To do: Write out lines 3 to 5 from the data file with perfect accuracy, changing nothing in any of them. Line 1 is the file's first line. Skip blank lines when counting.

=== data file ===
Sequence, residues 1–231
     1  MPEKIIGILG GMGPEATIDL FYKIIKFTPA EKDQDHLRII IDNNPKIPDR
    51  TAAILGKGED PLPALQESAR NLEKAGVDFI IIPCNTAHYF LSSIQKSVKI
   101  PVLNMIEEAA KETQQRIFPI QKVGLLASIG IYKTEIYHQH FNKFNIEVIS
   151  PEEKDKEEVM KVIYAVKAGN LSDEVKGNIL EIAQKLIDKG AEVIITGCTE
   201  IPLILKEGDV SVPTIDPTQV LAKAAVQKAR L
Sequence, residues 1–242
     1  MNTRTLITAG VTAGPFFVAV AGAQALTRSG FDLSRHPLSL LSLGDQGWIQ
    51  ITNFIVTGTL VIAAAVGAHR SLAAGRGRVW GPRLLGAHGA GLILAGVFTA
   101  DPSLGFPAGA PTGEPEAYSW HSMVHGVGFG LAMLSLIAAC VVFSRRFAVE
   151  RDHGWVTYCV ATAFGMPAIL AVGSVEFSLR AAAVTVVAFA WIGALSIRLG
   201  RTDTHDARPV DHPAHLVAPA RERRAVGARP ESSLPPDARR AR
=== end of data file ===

    51  TAAILGKGED PLPALQESAR NLEKAGVDFI IIPCNTAHYF LSSIQKSVKI
   101  PVLNMIEEAA KETQQRIFPI QKVGLLASIG IYKTEIYHQH FNKFNIEVIS
   151  PEEKDKEEVM KVIYAVKAGN LSDEVKGNIL EIAQKLIDKG AEVIITGCTE